After dominating the commercial launch market for years - along with the Ariane 5 - a confluence of factors has contributed to declining sales of Proton launches. A series of launch failures and changing launch market dynamics have reduced the Proton's appeal to commercial launch operators.

Still, ILS and Khrunichev have not given up on the venerable Proton. ILS and Khrunichev have conducted extensive quality control improvements to the Proton supply chain. ILS will lower the price of Proton launches and offer flexible launch dates. The two companies also plan to introduce upgrades to the Proton line, including a new smaller variant called the Proton Medium and a larger payload fairing for the Proton M.

These changes will allow ILS to compete against new launch vehicles like the Falcon 9 at lower price points to carry smaller satellites. It will also improve competitiveness in the commercial market, enabling Proton production to continue, even without Russian government launches. With these changes to pricing and lineup, Forecast International expects Proton production to continue until the early 2030s.

Source:  ILS
Associated URL: http://www.ilslaunch.com/node/4892
Source Date: April 20, 2018
Author: B. Ostrove, Analyst 
Posted: 04/20/2018

 
 
COPERNICUS ON SOLID FOOTING
Thursday, April 19, 2018
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Artist's rendition of a Sentinel satellite

Source: ESA/ATG medialab


Artist's rendition of a Sentinel satellite

Source: ESA/ATG medialab


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NEWTOWN, Conn. -- The Copernicus program is on solid footing. Financing issues are behind it after the EU committed to funding the program in 2013. In 2017, the European Commission gave a positive assessment of the program, indicating it was pleased with the quality of data provided to the scientific community.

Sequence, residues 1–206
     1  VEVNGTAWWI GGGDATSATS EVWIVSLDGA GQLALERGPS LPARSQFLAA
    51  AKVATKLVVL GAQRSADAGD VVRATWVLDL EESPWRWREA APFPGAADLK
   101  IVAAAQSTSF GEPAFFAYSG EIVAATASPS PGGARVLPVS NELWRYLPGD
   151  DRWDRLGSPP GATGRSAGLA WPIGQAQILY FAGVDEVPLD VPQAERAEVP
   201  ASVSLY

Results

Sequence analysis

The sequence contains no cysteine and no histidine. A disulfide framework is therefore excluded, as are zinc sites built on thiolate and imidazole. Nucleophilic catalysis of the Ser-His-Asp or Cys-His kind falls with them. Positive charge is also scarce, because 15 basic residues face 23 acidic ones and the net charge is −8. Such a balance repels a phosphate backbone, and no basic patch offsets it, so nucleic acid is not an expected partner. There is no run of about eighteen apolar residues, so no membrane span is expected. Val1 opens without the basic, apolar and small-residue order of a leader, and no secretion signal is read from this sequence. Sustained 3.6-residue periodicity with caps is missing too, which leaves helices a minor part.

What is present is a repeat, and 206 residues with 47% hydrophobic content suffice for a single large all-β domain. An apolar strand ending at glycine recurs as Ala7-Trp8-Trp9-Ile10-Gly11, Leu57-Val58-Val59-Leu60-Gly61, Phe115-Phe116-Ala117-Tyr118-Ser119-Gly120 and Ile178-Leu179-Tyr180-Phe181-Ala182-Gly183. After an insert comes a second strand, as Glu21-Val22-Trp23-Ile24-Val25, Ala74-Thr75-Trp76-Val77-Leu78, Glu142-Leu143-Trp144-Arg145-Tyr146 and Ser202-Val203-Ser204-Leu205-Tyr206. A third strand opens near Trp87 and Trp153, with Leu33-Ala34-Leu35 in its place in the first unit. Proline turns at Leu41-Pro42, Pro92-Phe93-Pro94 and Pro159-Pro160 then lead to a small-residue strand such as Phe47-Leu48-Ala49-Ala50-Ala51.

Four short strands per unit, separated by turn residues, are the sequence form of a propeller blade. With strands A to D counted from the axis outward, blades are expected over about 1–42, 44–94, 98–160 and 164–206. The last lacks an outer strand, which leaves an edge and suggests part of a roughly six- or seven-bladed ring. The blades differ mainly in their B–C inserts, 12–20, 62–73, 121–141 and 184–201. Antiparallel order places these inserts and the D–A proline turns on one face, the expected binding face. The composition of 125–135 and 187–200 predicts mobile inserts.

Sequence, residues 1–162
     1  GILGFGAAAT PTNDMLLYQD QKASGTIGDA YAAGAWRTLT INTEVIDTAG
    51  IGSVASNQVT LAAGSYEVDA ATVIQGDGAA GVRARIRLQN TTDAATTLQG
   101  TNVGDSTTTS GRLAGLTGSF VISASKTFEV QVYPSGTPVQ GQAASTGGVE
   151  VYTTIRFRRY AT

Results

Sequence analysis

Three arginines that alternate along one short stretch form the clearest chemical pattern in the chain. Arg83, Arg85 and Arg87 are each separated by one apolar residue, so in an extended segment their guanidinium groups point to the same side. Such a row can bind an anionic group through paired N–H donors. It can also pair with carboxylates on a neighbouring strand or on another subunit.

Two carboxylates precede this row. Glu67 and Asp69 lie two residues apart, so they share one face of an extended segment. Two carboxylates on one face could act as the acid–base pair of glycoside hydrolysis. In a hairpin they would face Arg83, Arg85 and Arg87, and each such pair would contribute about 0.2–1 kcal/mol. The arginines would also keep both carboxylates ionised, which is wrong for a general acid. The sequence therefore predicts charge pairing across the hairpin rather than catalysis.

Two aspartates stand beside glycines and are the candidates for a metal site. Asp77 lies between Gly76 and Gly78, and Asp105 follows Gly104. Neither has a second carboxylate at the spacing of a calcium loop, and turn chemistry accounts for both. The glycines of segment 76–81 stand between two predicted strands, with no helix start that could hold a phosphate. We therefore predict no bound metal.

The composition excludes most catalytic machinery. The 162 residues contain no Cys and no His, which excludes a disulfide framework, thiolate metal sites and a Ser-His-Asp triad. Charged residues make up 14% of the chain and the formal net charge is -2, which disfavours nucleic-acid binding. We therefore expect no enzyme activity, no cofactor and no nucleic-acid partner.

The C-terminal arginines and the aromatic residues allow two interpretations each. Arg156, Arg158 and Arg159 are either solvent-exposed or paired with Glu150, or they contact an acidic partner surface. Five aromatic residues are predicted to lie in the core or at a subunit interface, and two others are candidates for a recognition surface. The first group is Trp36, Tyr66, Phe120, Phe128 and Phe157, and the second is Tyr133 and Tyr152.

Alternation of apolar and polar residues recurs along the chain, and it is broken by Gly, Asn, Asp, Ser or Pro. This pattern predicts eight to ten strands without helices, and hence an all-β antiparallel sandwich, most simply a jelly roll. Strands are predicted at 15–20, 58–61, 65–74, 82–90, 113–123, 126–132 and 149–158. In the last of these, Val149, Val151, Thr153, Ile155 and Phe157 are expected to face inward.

The primary source of data for the program is a family of Sentinel satellites. Data is supplemented by commercial satellites and satellites from other governments around the world. Six satellites launched between 2014 and 2017. Forecast International expects six additional satellites to launch by 2024. ESA has signed firm-fixed-price contracts with Airbus and Thales Alenia Space to build the satellites, an arrangement that will protect the agency from cost growth and also ensure that all satellites will be paid for. These satellites include replacements for first generation satellites that started launching in 2014.

Forecast International expects funding for the Copernicus program to continue well into the future. Satellites that are currently being launched have a lifespan of seven to eight years and will eventually need replacement. Contracts to replace Sentinel-1 and Sentinel-2 satellites have already been signed. Launch intervals of about eight years are most likely. Launches will continue well into the 2030s, even after current contracts are completed.

Source:  Forecast International
Associated URL: www.forecastinternational.com
Source Date: April 19, 2018
Author: B. Ostrove, Analyst 
Posted: 04/19/2018